If you’ve used the internet at all in the past month then you’ve probably noticed DJ Khaled has become the latest rapper/producer to jump on the premium headphone bandwagon, and he’s been on his promotional grind non-stop.  Results so far have been mixed; for every impressive Times Square billboard, there’s been 30 Instagram posts of headphones draped around a pair of his shoes, or Fat Joe, or his own neck during those awkward treadmill videos he keeps uploading (We’re glad you’re getting in shape bruh, but making eye contact with somebody while they’re working out is never not uncomfortable).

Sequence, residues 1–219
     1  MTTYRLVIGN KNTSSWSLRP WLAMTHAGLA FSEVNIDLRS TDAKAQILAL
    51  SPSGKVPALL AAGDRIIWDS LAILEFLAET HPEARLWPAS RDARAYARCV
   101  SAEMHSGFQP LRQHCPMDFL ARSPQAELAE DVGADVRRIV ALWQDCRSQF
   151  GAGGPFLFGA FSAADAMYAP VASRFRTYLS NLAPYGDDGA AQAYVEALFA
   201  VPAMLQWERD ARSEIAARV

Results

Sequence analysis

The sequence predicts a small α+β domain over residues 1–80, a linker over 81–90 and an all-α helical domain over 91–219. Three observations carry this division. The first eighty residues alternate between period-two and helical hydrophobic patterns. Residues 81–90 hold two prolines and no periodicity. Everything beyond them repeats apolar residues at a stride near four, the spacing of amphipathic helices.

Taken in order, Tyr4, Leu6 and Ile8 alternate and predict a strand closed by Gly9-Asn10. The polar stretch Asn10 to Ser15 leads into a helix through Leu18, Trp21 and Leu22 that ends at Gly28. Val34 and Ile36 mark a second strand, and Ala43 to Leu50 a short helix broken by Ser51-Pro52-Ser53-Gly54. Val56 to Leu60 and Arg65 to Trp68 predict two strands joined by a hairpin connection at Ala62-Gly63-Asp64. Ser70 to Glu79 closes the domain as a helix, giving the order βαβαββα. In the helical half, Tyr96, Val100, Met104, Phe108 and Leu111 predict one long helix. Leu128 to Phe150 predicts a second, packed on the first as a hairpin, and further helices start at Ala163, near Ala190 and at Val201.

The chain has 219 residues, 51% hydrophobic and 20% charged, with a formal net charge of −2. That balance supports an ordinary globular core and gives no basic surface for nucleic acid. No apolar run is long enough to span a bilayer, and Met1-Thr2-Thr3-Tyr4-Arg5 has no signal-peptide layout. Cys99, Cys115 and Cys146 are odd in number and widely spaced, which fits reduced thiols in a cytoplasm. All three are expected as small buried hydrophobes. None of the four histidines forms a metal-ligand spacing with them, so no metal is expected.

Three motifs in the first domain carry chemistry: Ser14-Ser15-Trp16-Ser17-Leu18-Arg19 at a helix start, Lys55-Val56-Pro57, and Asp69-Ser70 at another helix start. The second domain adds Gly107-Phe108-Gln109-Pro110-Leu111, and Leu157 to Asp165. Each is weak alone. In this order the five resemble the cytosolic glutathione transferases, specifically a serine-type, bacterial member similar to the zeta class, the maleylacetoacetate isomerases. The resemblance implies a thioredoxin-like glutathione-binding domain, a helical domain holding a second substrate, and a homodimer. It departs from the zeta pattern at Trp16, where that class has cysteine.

With Dre becoming Seinfeld-rich from his headphones, everybody with a verified Twitter account  will be calling their agent to arrange some sweet endorsement cash–but they’d do well to remember Newton’s Third Law of selling out: every successful celebrity product has an equal and opposite rip-off; for every Beats by Dre there’s a dozen ‘Monster Ncredible with Nick Cannon’; For every dignified Bill Murray Lost In Translation whisky advert, there’s a hundred where Cristiano Ronaldo massages himself with testicle-sized disco balls, or attempts to promote a product so ridiculous that he’s obviously suspicious of being on a prank show, and does a few kick-ups instead of putting it anywhere near his mouth. 

Here we take a look at the less glamorous side of celebrity endorsements and where they went wrong.